2008 VOTE RATINGS
A Congressional Coalition Is Harder To Puzzle Out
Piecing together winning coalitions of 218 votes in the House and 60 votes in the Senate is no easy task.
Senate Majority Whip Richard Durbin, D-Ill., pushed hard last year to allow bankruptcy judges to modify mortgage terms for people in danger of losing their homes. Business groups shoved back against the liberal proposal, arguing that it would force up interest rates for all mortgages. When Durbin's push came to their shove, the No. 2 Senate Democrat was unable to muster enough support for passage. Acknowledging failure, he called for a vote in April that he knew he would lose. Ultimately, 10 moderate Democrats and Sen. Joe Lieberman, ID-Conn., joined all 47 present Republicans to kill Durbin's proposal, 58-36.
The vote -- one of 76 key votes in the Senate and 78 key votes in the House that National Journal used to rank members of Congress on a conservative-to-liberal scale for our 2008 vote ratings -- illustrates the knotty politics that Durbin and other lawmakers face as they seek to build winning coalitions. Securing the entire liberal bloc in either chamber, as Durbin did, risks not only alienating the increasingly conservative Republican ranks but also splitting the moderate wing of the Democratic Party. Yet, as other votes last year demonstrated, gaining the support of moderate Democrats can cost the backing of their liberal brethren, who may cross over to vote with unified conservatives if proposals move too far to the right.
The ratings also show that winning broad bipartisan support of the sort that Barack Obama promised on the campaign trail is an even more daunting proposition. Especially in the Senate, many of the moderate Republicans who most frequently sided with Democrats last year either retired or lost re-election. That leaves the ideological split between the two parties deeper than it was during the 110th Congress.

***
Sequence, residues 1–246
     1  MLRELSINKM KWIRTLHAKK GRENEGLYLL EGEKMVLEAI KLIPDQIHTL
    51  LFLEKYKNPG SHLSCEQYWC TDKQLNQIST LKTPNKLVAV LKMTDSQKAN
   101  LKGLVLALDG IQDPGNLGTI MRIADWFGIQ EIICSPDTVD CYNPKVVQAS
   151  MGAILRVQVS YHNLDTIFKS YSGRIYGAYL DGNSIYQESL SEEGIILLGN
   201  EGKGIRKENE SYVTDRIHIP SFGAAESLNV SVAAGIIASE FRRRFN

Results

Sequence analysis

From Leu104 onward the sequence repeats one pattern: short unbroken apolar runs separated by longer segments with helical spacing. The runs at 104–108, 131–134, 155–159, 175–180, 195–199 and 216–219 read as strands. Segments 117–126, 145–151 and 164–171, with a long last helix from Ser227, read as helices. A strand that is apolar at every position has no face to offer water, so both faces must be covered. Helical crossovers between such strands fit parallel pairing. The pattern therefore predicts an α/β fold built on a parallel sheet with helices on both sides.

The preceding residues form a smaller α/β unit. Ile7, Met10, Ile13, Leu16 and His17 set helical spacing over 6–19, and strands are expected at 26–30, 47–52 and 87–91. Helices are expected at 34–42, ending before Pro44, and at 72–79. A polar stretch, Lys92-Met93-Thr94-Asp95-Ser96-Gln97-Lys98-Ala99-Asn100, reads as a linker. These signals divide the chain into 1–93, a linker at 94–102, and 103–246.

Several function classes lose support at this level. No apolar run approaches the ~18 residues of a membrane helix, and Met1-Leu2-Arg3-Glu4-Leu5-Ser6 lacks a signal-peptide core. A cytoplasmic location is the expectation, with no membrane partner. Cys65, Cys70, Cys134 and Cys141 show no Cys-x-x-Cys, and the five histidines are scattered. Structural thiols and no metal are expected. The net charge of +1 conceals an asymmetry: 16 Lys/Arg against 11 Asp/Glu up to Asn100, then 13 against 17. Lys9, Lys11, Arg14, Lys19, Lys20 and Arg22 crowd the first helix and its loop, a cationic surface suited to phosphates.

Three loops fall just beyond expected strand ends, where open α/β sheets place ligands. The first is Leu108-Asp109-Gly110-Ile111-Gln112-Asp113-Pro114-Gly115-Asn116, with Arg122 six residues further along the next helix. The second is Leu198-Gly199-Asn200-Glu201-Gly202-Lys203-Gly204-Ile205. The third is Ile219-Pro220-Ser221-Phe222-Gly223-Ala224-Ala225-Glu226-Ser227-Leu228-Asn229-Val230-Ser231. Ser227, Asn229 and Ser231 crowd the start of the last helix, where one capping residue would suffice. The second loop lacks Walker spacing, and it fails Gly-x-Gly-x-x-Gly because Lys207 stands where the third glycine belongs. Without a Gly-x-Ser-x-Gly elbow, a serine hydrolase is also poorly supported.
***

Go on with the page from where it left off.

"It's a new battleground," Sen. Charles Schumer, D-N.Y., told National Journal when asked about building winning coalitions this year. "President Obama put it well: There have been years and years of partisanship, and it's hard to break the barriers and mistrust down, but we'll keep at it."
Although the lame-duck President Bush and the congressional Democratic majority enacted few major bills amid all of the election-year rancor, the past session yielded plenty of votes that showed divisions within and between the two parties. Going forward, it will be critical for Obama and House and Senate Democratic leaders to overcome the challenges illustrated by National Journal's 2008 vote ratings if they are to pass their agenda, whether in a bipartisan way or with only Democratic support.
National Journal has compiled the congressional vote ratings since 1981 under a system designed by William Schneider, a CNN political analyst and commentator, and a contributing editor to this magazine. The computer-assisted calculations rank members in each chamber along the ideological spectrum, based on how they voted on key economic, social, and foreign-policy issues selected by a panel of NJ reporters and editors.
Research Associate Peter Bell assisted in compiling the 2008 vote ratings. The authors can be reached at firstname.lastname@example.org and email@example.com.
This article appeared in the Thursday, March 4, 2010 edition of National Journal.